US 7419765 B2
Process for the production of flexographic printing plates by means of direct laser engraving, in which the particulate and gaseous degradation products formed in the course of the engraving are taken up by means of a suction apparatus, and the waste gas stream laden with the degradation products is purified by means of a combination of at least one solids filter and at least one oxidatively operating purification stage.
1. A process for the production of flexographic printing plates by means of direct laser engraving by engraving a relief in a laser-engravable flexographic printing element using a laser apparatus which comprises at least
one unit for holding a cylindrical substrate for flexographic printing elements in which the cylindrical substrate can be rotatably mounted,
one drive unit for rotating the cylinder,
one laser head which emits at least one laser beam, the laser head and the holding apparatus with the cylindrical substrate being mounted so as to be displaceable coaxially relative to one another, and
one suction apparatus,
and in which a laser-engravable flexographic printing element at least comprising a dimensionally stable substrate and an elastomeric, relief-forming layer having a thickness of at least 0.2 mm, comprising at least one elastomeric binder, is used as starting material,
the process comprising at least the following steps:
(a) application of a laser-engravable flexographic printing element to the cylindrical substrate and mounting of the cylindrical substrate in the holding unit,
(b) rotation of the cylindrical substrate,
(c) engraving of a printing relief in relief-forming layer with the aid of the at least one laser beam, the depth of the relief elements to be engraved by the laser being at least 0.03 mm,
wherein the particulate and gaseous degradation products formed in the course of the engraving are taken up by means of the suction apparatus, and the waste gas stream laden with the degradation products is purified by means of a system comprising at least two different filter units, particulate degradation products being deposited in a first filter unit in the presence of a finely divided, nontacky solid by means of a solids filter and remaining gaseous degradation products then being removed oxidatively by means of catalytic oxidation from the waste gas stream in a second filter unit, wherein the aspirated gas volume is at least 0,1 m3 per g of degraded material and the second filter unit comprises a buffer unit upstream of the oxidative purification stage, in which the gaseous degradation products in the waste gas are completely or partly collected and are released in a defined concentration to the oxidative purification stage.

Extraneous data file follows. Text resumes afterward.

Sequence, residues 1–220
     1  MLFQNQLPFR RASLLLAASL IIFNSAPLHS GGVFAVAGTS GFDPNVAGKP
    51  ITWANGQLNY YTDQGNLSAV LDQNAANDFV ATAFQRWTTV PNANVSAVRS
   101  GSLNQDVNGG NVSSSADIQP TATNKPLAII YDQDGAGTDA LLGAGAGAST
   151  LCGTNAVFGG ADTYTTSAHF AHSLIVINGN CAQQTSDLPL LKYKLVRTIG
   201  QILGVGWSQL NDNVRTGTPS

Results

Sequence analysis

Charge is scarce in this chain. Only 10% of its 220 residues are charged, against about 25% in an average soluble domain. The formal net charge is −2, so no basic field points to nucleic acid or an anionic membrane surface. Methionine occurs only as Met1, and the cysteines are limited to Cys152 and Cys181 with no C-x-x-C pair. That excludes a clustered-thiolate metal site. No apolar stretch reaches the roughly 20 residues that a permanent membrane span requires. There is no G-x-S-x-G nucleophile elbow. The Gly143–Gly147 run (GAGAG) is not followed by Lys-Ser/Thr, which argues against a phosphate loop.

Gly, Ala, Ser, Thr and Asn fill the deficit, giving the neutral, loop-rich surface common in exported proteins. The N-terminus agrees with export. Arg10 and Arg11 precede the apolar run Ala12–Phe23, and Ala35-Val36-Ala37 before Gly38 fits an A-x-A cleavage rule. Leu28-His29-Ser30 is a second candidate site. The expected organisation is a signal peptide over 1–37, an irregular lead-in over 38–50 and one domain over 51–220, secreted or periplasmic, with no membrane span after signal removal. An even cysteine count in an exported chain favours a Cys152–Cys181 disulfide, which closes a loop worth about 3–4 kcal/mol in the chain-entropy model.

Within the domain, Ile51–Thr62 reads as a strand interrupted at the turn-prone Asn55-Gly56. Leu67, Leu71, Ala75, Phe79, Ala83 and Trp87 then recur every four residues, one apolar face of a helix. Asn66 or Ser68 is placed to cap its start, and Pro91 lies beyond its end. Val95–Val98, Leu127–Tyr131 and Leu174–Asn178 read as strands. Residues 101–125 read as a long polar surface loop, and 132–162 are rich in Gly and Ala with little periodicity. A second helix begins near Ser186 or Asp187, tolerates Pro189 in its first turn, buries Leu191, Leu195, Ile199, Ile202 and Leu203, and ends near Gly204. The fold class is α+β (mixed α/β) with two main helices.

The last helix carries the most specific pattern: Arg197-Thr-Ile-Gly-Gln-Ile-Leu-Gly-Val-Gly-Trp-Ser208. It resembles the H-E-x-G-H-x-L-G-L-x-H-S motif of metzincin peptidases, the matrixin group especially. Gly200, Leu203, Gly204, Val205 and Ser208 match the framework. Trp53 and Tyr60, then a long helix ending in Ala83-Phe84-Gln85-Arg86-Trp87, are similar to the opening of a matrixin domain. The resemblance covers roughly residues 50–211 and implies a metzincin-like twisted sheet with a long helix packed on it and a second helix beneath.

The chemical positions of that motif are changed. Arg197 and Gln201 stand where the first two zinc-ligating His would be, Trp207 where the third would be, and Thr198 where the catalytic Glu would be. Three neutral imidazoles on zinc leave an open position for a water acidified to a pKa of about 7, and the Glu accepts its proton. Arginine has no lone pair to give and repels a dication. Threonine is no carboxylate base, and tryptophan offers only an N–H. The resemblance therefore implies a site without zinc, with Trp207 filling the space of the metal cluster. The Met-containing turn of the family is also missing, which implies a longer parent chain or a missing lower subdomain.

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This application is a national stage application (under 35 U.S.C. 371) of PCT/EP2004/013012 filed Nov. 17, 2004 which claims benefit o German application 103 55 991.4 filed Nov. 27, 2003.
The present invention relates to a process for the production of flexographic printing plates by means of direct laser engraving, in which the particulate and gaseous degradation products formed in the course of the engraving are taken up by means of a suction apparatus, and the waste gas stream laden with the degradation products is purified by means of a combination of at least one solids filter and at least one oxidatively operating purification stage.
In direct laser engraving for the production of flexographic printing plates, a printing relief is engraved directly into the relief-forming layer of a flexographic printing element by means of a laser. A subsequent development step, as in the conventional process for the production of flexographic printing plates, is no longer required. The production of flexographic printing plates by means of direct laser engraving is known in principle, for example from U.S. Pat. No. 5,259,311, WO 93/23252, WO 02/49842, WO 02/76739 or WO 02/83418.
In direct laser engraving, the relief layer absorbs laser radiation to an extent such that it is removed or at least detached in those parts where it is exposed to a laser beam of sufficient intensity. The layer or the components thereof are evaporated and/or decomposed, so that their decomposition products are removed from the layer in the form of hot gases, vapors, fumes, aerosols or small particles. In particular, powerful IR lasers, for example CO2 lasers or Nd-YAG lasers, are customary for engraving. Suitable apparatuses for engraving flexographic printing plates are disclosed, for example, in EP 1 162 315 and EP 1 162 316.
Typical relief layer thicknesses of flexographic printing plates are usually from 0.5 to 7 mm. The nonprinting wells in the relief are at least 0.03 mm in the screen area and substantially more in the case of other negative elements and can assume values of up to 3 mm in the case of thick plates. In direct laser engraving, large amounts of material therefore have to be removed by means of the laser. At an engraving depth of only from 0.5 to 0.7 mm and on average 70% degree of ablation, about 500 g of material per m2 of plate are ablated. Direct laser engraving differs in this respect very substantially from other techniques from the area of printing plates in which lasers are used only for recording a mask, but the actual production of the printing plate is still effected by means of a washout or development process. Such laser-recordable masks usually have a thickness of only a few μm. The amounts of material to be removed are in this case therefore usually only from 2 to 6 g/m2.